Courts are in broad agreement that juveniles—defined as people under 18-yearsold — are less culpable than adults and thus punish them differently. Indeed, few would disagree that the adult criminal system should apply only to adults—people “fully developed and mature.” If separating adults and juveniles based on culpability is the goal, it begs a simple question: should the split happen at age 18? Some U.S. institutions imply that they believe an 18-year-old lacks the requisite maturity to assume certain responsibilities, including the House of Representatives and car rental agencies, which permit participation at 25. Looking globally, important institutions like the United Nations mark the start of adulthood at age 25. These entities align with mounting evidence from brain development research suggesting that a rational brain fully forms around age 25.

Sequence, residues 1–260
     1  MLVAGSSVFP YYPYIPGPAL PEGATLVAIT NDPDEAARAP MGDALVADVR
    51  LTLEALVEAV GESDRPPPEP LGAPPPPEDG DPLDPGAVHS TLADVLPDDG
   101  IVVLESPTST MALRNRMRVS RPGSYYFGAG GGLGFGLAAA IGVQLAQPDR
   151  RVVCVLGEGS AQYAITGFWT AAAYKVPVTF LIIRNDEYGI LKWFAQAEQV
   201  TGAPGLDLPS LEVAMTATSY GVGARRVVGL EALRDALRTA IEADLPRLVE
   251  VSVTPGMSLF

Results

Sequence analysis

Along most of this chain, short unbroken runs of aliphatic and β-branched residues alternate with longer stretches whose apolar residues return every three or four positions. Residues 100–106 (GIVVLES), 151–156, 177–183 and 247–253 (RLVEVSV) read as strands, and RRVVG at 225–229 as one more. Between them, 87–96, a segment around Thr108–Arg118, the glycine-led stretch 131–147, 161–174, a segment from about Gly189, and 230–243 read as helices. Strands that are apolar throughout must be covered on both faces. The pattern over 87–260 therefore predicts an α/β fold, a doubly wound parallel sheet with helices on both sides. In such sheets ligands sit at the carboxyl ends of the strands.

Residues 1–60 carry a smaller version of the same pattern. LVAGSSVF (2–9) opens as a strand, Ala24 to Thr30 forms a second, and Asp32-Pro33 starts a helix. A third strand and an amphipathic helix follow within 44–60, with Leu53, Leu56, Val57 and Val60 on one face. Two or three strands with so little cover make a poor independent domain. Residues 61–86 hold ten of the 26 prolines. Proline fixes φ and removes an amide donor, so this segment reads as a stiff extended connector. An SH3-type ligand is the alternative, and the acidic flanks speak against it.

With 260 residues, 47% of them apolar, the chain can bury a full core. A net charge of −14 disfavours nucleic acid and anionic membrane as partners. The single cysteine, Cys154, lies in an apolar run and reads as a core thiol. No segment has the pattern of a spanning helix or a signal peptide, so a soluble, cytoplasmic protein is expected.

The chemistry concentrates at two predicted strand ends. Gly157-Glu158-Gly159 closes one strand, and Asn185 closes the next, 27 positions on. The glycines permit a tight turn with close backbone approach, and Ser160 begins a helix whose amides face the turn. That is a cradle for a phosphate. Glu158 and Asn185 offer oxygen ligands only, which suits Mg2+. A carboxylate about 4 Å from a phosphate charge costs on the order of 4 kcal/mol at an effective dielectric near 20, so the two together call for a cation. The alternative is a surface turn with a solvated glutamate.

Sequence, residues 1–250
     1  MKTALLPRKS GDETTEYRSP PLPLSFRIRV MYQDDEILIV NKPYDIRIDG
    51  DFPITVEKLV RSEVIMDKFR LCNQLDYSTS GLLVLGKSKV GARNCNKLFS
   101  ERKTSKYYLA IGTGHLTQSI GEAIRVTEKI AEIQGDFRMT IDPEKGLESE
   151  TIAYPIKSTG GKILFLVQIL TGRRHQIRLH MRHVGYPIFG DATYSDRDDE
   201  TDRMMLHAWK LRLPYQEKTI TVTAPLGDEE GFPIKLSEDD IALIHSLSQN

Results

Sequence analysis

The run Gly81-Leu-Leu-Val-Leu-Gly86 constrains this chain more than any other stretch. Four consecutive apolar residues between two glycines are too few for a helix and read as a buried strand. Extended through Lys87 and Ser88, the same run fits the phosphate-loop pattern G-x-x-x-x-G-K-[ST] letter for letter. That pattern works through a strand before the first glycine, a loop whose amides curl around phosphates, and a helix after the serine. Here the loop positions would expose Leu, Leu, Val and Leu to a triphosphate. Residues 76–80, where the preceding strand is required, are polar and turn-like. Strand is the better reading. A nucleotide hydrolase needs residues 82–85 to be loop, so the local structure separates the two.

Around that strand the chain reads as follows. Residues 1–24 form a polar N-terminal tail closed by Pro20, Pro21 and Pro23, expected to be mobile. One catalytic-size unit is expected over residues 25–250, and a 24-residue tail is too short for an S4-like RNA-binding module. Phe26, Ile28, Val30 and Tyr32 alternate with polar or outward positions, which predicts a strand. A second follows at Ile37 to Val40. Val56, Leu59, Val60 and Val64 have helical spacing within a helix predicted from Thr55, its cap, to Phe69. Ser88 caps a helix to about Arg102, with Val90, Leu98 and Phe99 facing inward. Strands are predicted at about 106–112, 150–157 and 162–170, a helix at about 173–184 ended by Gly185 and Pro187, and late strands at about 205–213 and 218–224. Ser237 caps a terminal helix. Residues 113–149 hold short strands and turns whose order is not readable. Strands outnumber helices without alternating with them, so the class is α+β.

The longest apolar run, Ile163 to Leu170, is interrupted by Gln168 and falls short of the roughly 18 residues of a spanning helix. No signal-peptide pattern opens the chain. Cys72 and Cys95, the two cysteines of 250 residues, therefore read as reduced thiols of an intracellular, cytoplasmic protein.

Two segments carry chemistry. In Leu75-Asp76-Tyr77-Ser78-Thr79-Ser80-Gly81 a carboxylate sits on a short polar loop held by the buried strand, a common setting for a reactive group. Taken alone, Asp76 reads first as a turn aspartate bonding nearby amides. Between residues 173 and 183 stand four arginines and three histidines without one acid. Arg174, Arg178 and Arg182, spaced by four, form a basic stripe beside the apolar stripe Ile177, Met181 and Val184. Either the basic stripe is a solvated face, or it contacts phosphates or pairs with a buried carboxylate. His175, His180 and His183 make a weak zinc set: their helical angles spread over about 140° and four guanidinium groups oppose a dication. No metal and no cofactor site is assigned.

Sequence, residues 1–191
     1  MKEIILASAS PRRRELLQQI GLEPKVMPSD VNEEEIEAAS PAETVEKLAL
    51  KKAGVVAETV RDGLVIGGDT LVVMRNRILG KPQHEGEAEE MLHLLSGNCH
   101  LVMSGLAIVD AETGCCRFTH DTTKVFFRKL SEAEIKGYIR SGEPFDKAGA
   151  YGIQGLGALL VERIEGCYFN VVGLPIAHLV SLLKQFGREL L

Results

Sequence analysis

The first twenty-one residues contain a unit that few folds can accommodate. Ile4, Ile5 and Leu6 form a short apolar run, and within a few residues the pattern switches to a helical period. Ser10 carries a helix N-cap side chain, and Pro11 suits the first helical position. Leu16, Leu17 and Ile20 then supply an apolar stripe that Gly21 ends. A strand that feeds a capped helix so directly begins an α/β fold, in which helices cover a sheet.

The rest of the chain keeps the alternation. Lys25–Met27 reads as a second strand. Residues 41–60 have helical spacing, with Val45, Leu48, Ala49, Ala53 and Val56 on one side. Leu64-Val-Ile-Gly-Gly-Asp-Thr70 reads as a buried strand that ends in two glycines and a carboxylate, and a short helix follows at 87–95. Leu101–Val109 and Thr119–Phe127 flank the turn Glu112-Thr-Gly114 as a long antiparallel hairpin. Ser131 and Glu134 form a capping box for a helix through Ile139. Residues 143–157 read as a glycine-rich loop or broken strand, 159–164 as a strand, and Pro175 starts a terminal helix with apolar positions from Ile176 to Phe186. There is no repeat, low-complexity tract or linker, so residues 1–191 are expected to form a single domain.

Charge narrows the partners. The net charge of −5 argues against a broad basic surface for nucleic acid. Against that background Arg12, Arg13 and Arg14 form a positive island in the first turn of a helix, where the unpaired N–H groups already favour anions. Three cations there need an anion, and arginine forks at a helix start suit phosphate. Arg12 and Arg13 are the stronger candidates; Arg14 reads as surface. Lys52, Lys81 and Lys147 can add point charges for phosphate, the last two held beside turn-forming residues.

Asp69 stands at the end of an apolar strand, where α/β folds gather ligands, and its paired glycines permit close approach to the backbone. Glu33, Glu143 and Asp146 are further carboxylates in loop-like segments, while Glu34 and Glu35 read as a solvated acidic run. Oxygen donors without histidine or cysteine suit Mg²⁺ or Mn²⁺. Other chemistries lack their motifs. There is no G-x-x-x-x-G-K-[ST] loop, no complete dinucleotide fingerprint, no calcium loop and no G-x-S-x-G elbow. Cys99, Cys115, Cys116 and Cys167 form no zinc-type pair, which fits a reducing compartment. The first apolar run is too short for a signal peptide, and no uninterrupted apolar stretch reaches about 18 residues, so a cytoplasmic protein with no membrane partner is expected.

Dylan Raymond, 25 Is the New 18: Extending Juvenile Jurisdiction and Closing Its Exceptions, 2023 ULR 727 (2023). https://doi.org/10.26054/0d-576p-dwy7